Friday, 25 September 2015

Who do I want to be? SHINE Explores Choices.

When I reflect on the choices I make daily in my life, I am reminded of one of my existential heroes, Sartre, who said that ‘Man is nothing else but what he makes of himself’. We are the choices we make; from simple decisions like whether to wear shoes or boots to complex ones which have more far reaching consequences, such as whom to marry. (Generally I have found both, that is footwear and marriage, equally intresting dilemmas!)   We may make those choices in relation to the world round us, but we can decide on which window to open, where to cast our gaze and fundamentally what kind of person we wish to be. I can choose how to shape my future. I am not determined by my past. What motivates me is forward looking, I imagine how I want my day to be and my actions fit with this image. If I want my life to be fit, healthy and active I make the choices about what to eat and how much to exercise. And because I ‘own’ that choice, it is exciting and encourages me without feeling like a chore. Likewise if I make the choice to write a blog piece rather than take a walk in the sun I don’t feel I am denying myself because I have chosen where to direct my energies. I have learnt along the way what stimulates me most, what I value in life, and use that knowledge to influence the choices I make. I may not always take a route that others would choose but that’s part of the fun. It’s my way. When I take full responsibility for my actions I am excited by all the possible paths available to me. Yes there will always be things I can’t do but in focusing on the things I can my life is filled with immense joy, passion and purpose.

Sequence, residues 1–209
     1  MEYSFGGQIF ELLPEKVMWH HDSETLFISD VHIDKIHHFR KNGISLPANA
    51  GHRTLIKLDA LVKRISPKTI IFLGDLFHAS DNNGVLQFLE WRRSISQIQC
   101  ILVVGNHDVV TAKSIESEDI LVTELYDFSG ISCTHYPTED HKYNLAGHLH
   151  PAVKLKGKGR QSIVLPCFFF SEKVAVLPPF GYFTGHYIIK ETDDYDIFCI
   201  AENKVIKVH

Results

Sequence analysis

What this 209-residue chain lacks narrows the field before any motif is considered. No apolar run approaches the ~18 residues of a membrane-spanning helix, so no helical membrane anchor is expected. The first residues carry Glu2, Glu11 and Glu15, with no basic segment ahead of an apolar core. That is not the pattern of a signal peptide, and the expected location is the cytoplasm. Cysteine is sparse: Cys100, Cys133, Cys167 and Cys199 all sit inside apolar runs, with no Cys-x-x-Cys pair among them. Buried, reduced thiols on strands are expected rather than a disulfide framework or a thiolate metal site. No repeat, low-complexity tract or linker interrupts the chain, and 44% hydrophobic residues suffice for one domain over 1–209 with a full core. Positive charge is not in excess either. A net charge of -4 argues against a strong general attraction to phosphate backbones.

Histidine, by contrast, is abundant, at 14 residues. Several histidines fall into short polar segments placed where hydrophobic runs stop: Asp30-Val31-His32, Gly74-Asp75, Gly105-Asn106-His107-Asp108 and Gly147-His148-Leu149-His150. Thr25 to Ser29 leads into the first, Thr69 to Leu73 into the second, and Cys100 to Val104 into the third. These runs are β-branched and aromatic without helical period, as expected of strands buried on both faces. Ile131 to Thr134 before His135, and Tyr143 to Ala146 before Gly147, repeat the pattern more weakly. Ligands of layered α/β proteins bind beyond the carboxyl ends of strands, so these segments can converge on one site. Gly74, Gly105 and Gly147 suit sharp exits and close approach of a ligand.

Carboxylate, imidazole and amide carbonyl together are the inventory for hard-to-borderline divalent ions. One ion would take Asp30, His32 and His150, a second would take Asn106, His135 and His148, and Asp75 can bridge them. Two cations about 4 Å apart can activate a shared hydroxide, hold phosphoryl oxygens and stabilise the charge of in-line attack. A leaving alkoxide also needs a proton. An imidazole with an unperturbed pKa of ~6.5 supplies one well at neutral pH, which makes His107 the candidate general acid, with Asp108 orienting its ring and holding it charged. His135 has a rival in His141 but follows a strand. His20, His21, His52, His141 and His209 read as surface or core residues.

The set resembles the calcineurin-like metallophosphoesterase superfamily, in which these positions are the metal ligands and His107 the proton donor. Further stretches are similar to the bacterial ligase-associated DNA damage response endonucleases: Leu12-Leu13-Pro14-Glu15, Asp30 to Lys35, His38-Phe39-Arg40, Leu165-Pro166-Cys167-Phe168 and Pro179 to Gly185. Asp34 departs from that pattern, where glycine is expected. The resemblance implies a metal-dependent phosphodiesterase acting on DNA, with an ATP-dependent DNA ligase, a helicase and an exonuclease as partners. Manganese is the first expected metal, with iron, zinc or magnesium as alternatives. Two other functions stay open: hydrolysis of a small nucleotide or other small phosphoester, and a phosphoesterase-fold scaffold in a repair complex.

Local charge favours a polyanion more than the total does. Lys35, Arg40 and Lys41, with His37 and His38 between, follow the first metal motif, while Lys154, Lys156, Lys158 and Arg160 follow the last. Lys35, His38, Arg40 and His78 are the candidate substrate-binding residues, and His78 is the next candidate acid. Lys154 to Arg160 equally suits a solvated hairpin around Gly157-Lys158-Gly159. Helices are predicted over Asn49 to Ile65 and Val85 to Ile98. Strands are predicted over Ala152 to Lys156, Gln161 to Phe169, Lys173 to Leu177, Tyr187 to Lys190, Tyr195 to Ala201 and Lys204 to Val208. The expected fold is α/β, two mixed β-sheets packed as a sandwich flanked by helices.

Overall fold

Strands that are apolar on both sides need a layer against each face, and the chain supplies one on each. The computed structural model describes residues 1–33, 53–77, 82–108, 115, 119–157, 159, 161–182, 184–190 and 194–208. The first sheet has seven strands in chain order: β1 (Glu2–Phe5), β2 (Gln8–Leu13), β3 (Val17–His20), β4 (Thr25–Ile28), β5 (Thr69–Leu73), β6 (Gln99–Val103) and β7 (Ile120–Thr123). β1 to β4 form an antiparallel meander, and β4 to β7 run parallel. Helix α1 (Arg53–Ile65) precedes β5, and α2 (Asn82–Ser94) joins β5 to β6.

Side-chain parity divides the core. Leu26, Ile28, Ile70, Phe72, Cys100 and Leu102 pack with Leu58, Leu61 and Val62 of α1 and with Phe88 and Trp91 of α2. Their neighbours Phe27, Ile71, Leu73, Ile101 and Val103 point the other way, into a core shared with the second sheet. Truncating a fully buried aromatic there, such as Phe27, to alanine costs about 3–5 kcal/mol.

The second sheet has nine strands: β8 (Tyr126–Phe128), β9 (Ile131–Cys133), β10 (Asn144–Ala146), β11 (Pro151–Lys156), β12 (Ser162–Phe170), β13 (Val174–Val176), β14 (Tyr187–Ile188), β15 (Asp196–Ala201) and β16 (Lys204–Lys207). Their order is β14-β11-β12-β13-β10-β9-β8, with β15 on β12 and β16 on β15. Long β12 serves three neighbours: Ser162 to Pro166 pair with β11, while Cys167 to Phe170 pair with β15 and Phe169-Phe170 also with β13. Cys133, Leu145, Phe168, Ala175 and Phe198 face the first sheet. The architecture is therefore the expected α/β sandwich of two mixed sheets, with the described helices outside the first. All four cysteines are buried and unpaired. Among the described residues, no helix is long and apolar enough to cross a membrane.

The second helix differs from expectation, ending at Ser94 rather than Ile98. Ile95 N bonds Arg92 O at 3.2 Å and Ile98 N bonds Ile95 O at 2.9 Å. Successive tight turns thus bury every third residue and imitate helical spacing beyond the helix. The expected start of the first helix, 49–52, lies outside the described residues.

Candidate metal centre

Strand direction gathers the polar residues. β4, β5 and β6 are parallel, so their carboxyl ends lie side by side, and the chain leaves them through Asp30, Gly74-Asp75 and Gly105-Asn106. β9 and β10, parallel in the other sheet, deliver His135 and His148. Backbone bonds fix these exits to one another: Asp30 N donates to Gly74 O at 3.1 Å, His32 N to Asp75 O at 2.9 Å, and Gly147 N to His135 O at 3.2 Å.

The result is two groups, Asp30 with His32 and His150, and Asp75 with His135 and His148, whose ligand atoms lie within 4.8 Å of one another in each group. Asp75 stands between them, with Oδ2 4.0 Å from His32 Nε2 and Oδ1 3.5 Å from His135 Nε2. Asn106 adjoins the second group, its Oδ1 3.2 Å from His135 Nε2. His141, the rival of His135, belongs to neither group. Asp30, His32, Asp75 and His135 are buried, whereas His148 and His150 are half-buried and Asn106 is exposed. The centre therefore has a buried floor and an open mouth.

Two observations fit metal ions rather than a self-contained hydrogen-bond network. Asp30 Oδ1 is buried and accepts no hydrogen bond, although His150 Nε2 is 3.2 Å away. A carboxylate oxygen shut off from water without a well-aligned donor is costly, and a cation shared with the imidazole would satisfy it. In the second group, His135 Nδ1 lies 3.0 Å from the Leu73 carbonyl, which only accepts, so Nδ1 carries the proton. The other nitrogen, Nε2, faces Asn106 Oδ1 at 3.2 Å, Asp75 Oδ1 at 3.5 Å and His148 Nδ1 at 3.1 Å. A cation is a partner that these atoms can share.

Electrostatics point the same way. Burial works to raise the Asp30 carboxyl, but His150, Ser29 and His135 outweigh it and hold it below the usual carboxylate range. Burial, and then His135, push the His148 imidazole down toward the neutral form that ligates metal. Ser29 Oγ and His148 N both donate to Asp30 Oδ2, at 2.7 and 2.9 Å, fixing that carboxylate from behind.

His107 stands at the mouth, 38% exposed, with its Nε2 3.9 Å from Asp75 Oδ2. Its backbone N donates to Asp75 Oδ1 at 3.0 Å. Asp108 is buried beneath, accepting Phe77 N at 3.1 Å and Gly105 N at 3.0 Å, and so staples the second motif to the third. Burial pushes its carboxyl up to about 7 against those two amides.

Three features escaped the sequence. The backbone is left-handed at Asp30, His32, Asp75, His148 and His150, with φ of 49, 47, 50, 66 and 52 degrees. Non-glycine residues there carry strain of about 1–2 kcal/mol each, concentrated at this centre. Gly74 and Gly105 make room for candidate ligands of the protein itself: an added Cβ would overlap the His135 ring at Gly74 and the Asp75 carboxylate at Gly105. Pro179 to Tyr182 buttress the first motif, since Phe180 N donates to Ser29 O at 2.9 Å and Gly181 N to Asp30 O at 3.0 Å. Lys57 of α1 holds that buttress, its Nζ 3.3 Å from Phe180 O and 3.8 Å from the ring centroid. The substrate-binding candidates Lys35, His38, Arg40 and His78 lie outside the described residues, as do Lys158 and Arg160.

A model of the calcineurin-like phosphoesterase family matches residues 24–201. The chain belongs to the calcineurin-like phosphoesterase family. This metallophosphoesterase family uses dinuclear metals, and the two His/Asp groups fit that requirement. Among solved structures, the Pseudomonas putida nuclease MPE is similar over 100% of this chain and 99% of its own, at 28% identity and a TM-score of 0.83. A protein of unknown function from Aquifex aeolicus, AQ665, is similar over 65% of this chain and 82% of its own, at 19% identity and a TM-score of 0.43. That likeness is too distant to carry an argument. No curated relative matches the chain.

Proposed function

Shine counselling doesn’t offer us the option to sit around and ponder a cure for our ills, or wait until we are ‘actualised’; it asks us who we want to, be then inspires us to make the most of every day to become that person. To engage with life, to value and cherish every moment, every encounter along the way; to value our daily struggles and chaos with a smile on our face.

Shine counselling focuses on what is good with your life. The basic starting point is that we are all well-whole-balanced beings; we don’t need to be fixed. We have all the internal resources we will ever need but along the way they may have been mislaid or buried, we merely need to find a way to reconnect with them in order to be our most authentic healthy happy self.